Constellations, asterisms, galaxies, and star clusters all contain stars, but they’re quite different entities. It can be confusing if you don't know.
Constellation or asterism?
There are different ways that we understand constellations. Commonly, people think of them as the traditional patterns of stars that are often shown as “stick figures” and may represent classical myths.
The star patterns in constellations are human inventions based on what we see from Earth. The stars aren’t actually in groups. Very rarely are stars in a constellation close together. For example, of the five brightest stars in Cygnus (the swan), the nearest one to us, Epsilon Cygni, is 72 light years away. The most distant one is over twenty times farther away than that. (A light year is around ten trillion kilometers or six trillion miles.) If we were in another part of the Galaxy, the stars of Cygnus would form a different pattern.
The celestial sphere
When we see objects in the night sky, it’s as if they’re projected onto a sphere surrounding the Earth. This is the celestial sphere. To specify locations in the sky, we use a grid system which is like the terrestrial coordinate system. The celestial equator is a projection of the terrestrial equator and there are also celestial poles and the equivalent of lines of latitude and longitude. [Click to see diagram of the celestial sphere.]
The astronomical definition of a constellation is both broader and yet more precise than the popular one.
The International Astronomical Union (IAU) agreed on a list of 88 constellations, and in 1928 also agreed on their boundaries. The entire celestial sphere is covered by 88 constellations with no overlap. An astronomical constellation includes traditional constellations, but it is not so much a pattern of stars, as an area of sky. You might think of a constellation, in this sense, as analogous to a country on the Earth’s surface. If we say that a comet is appearing in Leo or that Saturn is in Virgo, this means that people can see these objects within the boundaries of that constellation.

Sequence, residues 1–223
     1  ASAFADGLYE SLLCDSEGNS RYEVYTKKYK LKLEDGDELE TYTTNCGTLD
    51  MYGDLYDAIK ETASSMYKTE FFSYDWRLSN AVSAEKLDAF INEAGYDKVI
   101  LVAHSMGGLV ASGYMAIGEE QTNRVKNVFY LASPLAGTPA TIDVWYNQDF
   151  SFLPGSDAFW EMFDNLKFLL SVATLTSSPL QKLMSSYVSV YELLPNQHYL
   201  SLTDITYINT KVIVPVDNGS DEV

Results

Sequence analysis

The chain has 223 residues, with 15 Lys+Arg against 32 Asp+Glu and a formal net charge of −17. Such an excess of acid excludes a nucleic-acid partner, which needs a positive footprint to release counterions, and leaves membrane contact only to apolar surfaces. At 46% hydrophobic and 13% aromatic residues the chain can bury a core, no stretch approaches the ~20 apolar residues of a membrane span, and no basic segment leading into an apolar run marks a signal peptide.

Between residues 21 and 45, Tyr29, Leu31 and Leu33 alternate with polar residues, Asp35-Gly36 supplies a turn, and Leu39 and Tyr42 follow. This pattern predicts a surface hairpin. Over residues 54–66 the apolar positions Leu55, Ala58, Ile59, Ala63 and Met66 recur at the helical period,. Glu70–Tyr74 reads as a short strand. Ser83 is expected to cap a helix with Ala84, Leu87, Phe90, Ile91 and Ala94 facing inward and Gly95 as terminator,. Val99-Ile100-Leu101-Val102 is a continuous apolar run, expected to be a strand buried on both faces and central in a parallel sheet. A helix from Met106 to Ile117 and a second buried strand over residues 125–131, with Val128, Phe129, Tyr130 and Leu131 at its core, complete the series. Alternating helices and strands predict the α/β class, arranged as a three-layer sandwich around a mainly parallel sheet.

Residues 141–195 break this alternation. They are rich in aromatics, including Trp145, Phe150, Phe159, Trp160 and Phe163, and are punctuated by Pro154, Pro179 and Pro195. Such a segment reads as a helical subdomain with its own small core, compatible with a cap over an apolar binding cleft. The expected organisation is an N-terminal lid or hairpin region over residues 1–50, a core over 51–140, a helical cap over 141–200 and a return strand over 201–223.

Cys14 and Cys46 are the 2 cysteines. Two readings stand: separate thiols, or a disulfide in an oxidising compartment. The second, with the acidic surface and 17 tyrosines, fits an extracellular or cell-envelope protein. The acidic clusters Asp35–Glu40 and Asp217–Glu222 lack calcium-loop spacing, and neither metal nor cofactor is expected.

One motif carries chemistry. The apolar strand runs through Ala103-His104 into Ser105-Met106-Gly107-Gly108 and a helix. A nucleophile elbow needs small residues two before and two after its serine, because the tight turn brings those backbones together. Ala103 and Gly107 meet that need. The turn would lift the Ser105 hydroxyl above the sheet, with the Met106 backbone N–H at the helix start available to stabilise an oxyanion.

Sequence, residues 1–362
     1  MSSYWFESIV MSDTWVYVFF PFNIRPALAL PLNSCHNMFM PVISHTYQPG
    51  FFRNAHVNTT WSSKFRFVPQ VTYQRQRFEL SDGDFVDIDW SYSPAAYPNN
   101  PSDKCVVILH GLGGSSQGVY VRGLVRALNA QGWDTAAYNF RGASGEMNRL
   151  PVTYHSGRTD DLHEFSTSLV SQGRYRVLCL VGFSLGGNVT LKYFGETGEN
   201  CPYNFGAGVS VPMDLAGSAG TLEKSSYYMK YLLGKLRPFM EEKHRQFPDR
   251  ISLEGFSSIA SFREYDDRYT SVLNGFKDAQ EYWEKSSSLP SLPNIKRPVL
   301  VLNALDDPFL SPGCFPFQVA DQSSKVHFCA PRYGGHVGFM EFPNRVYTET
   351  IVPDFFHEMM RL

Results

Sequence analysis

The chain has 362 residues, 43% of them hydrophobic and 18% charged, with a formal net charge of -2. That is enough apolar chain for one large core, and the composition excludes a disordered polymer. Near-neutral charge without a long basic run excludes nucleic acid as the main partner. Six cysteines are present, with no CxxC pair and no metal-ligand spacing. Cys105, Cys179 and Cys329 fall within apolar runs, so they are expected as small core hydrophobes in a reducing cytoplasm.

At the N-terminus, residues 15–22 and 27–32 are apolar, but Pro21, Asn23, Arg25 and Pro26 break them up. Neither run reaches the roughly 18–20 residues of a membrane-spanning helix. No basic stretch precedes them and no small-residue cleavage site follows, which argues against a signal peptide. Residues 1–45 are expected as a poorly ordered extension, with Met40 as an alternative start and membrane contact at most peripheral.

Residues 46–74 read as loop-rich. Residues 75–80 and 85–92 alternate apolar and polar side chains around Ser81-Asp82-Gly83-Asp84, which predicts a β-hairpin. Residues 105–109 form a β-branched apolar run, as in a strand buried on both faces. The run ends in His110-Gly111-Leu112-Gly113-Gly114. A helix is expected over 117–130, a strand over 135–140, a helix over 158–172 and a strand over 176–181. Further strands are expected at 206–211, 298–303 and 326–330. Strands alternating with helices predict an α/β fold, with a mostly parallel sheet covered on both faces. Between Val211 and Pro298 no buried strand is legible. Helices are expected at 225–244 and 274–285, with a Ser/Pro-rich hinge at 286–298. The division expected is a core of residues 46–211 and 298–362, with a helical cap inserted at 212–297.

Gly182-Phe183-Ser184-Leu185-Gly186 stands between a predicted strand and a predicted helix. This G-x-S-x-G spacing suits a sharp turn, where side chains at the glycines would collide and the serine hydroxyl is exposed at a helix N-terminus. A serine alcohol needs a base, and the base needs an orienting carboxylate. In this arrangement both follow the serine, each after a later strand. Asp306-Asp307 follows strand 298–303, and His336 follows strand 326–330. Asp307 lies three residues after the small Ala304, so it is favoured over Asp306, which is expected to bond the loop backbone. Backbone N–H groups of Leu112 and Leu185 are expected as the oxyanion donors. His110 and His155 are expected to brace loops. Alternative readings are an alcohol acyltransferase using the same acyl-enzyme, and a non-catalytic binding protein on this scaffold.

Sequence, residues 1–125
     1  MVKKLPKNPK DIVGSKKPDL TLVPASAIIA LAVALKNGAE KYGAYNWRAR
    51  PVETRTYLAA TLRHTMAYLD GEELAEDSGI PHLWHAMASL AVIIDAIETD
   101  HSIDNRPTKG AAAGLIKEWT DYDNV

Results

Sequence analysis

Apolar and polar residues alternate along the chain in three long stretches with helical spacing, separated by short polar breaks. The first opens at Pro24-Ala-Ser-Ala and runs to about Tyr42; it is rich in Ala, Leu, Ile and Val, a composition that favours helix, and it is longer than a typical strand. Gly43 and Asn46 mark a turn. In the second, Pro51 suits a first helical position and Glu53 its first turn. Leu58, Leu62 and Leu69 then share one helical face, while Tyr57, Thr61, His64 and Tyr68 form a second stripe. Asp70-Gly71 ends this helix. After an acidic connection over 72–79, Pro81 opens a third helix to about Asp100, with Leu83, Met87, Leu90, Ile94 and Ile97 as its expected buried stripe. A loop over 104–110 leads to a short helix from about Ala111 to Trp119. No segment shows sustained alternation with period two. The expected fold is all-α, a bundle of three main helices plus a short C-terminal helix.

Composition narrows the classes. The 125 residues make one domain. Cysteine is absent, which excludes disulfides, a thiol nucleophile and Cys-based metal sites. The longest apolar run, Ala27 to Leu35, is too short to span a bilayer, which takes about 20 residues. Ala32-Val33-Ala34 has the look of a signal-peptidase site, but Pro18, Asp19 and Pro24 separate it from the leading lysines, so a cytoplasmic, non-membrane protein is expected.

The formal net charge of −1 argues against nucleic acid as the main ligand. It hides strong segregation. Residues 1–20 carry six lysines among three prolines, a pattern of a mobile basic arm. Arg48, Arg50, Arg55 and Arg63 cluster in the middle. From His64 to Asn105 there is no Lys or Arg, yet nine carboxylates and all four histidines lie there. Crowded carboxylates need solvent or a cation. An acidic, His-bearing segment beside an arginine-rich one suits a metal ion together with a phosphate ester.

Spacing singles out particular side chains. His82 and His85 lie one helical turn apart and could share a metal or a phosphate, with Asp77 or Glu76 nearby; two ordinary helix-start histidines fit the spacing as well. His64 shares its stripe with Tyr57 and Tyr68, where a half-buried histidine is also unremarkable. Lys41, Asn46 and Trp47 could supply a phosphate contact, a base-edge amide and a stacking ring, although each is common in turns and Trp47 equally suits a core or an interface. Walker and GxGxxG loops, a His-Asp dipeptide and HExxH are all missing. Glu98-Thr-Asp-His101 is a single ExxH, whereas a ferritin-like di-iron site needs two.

“Asterism” is an unfamiliar word to most people, though you’ll probably recognise the “aster” part of it, which comes from the Greek for “star”. The best-known asterism is the Big Dipper (the Plough, in Britain), which is part of the constellation Ursa Major. Another is the Summer Triangle, which consists of the brightest stars of the constellations Cygnus, Lyra, and Aquila.
Very simply, an asterism is a recognizable pattern of stars that isn’t a constellation, but contains a part of one or more constellations. Click to see a comparison between a constellation and an asterism.
Galaxy or galaxy?
Although there are billions of galaxies out there, we live in the Galaxy. When we capitalize the word, it refers to the Milky Way Galaxy. That’s a leftover from the days when we didn’t know there were other galaxies.
Galaxy or star cluster?
A galaxy is an enormous collection of stars of different ages, the gas and dust between the stars, and dark matter. It’s all held together by gravitational attraction. Click to see a diagram of the structure of the Milky Way, an example of a spiral galaxy. You can also find out more about galaxies by following the link at the end of this article to “What Is a Galaxy”.
A star cluster is also a collection of stars bound together by gravity. However it’s smaller, less complex, and consists of stars formed from one giant gas cloud. This means cluster stars are similar in age. There are two kinds of cluster: globular clusters and open clusters.
Globular clusters are big, though considerably smaller than galaxies which may have billions of stars. A globular cluster contains between tens of thousands and hundreds of thousands of stars, their mutual gravitational attraction pulling them into a globular shape. They are almost as old as the Galaxy and there are about 150 of them orbiting the Galactic Center.
Open clusters are much more common than globular clusters. We know of well over a thousand of them in the Milky Way, and there are probably many more. They’re also smaller than globular clusters, containing between hundreds and thousands of stars. This makes the gravitational attraction weaker, so the clusters have irregular shapes and are subject to disruption over time. The two brightest open clusters in our night sky are the Pleiades and the Hyades, both in Taurus.
Click to see a comparison between globular clusters and open clusters.
Galactic cluster or open cluster?
They’re the same thing, but open clusters used to be called galactic clusters. Galactic clusters shouldn't be confused with galaxy clusters which are clusters of galaxies.